The cost elasticity of demand shows the percentage change in the amount demanded because of changes in commodity costs. Elasticity of demand measures the sensitivity of the amount demanded of a good to changes in its cost, cost of other related goods and income. Cost elasticity of demand measures the change in amount demanded when its cost changes. If the amount of a good responds substantially to the change in cost, demand is said to be elastic and the elasticity is greater than one. Demand is inelastic if the amount demanded reacts slightly to cost changes. In this case, the elasticity is less than one. Inelastic demand is not sensitive to costs. Goods and services that have no close substitutes, necessities and inexpensive goods have an inelastic demand.

If the elasticity is one, demand is said to be unit elastic. It means that the amount moves the same amount proportionately as the cost. Cost elasticity of demand is determined by accessibility of close substitutes, time, markets and the types of goods. Close substitutes have a more elastic demand because consumers can switch from one good to another. A small increase in the cost of one good causes a large change in the amount demanded of that good. Goods have a more elastic demand over longer time horizons. Markets that are narrowly defined have more elastic demand than markets that are broadly defined because narrowly defined markets have more substitutes than broadly defined markets. Necessities, such as healthcare, are inelastic whereas luxuries are elastic. Cross-cost elasticity of demand shows the responsiveness of demand for one product to changes in the cost of another product. Cost elasticity of demand helps business people to decide whether to change products so that they can increase the sales revenues.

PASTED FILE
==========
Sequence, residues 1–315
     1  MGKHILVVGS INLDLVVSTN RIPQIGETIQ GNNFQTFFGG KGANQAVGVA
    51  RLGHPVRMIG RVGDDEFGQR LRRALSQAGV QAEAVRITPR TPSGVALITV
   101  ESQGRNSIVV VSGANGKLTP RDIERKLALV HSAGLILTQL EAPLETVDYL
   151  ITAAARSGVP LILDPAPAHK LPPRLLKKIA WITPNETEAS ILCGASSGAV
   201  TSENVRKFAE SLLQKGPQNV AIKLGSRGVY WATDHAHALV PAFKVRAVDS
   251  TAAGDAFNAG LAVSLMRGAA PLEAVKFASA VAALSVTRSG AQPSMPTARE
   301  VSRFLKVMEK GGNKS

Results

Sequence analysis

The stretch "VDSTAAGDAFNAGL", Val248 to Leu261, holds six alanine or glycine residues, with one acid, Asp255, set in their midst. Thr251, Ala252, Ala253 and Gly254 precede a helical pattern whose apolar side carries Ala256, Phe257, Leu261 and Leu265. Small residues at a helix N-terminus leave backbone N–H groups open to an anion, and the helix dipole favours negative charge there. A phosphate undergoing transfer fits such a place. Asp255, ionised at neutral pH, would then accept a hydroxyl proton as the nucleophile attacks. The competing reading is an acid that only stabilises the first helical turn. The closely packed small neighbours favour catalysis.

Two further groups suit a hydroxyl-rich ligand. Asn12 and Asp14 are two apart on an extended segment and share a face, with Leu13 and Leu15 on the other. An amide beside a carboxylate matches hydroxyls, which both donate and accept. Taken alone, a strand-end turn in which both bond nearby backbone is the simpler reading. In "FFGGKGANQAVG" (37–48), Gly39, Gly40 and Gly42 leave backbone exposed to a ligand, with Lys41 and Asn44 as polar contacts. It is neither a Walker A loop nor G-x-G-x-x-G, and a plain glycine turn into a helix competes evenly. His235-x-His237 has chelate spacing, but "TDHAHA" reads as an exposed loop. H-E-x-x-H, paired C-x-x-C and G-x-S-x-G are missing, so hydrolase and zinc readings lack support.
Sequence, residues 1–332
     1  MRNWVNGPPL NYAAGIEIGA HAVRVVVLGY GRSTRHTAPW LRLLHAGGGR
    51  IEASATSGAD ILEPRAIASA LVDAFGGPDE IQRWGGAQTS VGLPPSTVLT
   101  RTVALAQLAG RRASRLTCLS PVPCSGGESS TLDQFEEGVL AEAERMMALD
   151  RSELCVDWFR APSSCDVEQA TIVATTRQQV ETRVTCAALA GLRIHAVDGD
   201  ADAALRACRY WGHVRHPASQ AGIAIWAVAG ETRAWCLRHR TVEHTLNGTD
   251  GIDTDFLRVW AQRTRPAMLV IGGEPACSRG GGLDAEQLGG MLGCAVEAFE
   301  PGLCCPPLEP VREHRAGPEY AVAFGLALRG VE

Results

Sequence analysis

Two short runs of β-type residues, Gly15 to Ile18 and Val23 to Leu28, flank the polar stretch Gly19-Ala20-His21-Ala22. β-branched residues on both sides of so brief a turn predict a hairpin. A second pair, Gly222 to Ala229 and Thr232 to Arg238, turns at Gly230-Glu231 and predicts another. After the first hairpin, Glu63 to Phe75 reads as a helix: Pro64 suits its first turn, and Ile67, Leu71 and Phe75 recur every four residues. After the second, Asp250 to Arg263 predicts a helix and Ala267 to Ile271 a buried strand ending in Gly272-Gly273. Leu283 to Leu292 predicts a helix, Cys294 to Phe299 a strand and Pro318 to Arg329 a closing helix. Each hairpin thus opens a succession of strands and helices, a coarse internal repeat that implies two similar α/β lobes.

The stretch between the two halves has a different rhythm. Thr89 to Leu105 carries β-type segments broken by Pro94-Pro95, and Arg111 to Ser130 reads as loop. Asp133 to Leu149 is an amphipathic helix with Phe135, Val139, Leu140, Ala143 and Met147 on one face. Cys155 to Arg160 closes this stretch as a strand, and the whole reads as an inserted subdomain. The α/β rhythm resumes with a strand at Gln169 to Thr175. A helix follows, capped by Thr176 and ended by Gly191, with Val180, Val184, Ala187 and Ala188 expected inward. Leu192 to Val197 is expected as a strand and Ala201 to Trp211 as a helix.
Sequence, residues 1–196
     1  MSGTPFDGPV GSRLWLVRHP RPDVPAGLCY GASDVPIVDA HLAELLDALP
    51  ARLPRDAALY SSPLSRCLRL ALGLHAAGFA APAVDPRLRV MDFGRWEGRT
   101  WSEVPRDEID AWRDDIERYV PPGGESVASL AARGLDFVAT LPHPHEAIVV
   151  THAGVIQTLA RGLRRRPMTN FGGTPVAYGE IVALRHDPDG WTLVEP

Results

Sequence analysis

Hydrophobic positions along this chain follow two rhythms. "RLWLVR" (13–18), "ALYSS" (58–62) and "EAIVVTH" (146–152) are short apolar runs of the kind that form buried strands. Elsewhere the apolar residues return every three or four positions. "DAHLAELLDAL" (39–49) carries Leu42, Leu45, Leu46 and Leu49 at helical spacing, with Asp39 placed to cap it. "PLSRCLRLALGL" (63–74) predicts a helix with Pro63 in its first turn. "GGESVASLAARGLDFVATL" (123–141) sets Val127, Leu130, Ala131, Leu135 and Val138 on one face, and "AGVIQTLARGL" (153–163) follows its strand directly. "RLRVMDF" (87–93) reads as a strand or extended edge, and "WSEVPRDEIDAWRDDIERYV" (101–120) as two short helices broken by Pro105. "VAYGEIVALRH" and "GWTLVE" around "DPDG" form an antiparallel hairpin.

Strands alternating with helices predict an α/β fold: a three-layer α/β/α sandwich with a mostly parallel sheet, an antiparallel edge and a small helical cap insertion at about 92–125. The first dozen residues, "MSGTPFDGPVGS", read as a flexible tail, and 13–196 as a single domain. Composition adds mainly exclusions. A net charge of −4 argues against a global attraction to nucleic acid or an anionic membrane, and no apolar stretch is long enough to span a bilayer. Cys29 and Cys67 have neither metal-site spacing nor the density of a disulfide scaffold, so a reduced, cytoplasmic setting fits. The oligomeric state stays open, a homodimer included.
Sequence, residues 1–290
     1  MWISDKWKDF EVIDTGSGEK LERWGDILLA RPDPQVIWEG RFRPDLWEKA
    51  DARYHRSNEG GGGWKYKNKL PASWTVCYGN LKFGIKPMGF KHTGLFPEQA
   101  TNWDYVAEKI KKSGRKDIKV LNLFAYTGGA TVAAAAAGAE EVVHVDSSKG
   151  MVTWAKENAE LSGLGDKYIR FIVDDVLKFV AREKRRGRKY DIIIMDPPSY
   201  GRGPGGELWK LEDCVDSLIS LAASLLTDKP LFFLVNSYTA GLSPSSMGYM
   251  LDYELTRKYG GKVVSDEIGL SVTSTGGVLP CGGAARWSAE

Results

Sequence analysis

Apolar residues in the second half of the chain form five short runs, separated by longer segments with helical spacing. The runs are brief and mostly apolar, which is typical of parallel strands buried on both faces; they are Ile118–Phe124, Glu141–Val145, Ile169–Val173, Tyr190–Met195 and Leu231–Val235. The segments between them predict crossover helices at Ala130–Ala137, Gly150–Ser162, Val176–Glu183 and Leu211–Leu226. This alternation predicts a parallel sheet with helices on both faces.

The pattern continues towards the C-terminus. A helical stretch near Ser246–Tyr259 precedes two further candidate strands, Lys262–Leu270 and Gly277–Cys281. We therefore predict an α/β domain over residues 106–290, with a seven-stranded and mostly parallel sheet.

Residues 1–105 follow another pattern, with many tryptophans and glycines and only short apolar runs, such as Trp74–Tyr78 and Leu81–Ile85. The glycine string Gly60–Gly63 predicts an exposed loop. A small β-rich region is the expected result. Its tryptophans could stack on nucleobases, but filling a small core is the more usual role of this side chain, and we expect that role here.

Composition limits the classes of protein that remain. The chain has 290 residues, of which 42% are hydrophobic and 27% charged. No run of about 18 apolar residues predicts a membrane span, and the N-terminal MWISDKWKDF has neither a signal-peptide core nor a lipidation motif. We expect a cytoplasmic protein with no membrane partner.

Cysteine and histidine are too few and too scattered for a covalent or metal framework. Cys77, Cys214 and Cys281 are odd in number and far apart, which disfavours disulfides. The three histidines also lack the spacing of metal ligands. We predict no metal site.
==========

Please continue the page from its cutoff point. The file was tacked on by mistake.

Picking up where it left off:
The cost elasticity of supply determines  the extent amount supplied responds to changes in cost of that commodity. When supply is elastic, it means that the amount supplied is controlled variably by the changes in cost. When the supply is inelastic, it means that the amount supplied responds slightly to changes in cost. Producers determine the cost elasticity of supply. Another important determinant of cost elasticity of supply is time. Supply is usually inelastic in the short run because producers cannot easily change their produce and therefore the amount supplied is not very responsive to cost. It is inelastic over long periods because producers have more time to determine their produce and the amount supplied responds largely to cost changes. When the supply is perfectly inelastic, the cost does not determine the amount supplied and it shows zero elasticity in a supply curve. When the supply is perfectly elastic, small changes in the cost leads to huge changes in the amount supplied.

Costs in a competitive market are determined by the forces of demand and supply. Consumers are willing to spend more when the costs are low and this creates a high demand. High demand leads to a shortage of commodities and the costs increase. Producers are willing to produce more when the costs are high and this creates a high supply. When there is a high supply of goods, the costs tend to come down as sellers look for ways of selling their products. The changes in the cost of commodities lead to a state of equilibrium where the amount produced and sold is the amount demanded. To protect the consumers from high costs, governments impose cost ceilings whereby consumers cannot sell above the set costs. To protect sellers from incurring huge losses in case of abundant supply, governments impose cost floors whereby sellers cannot sell below the set cost.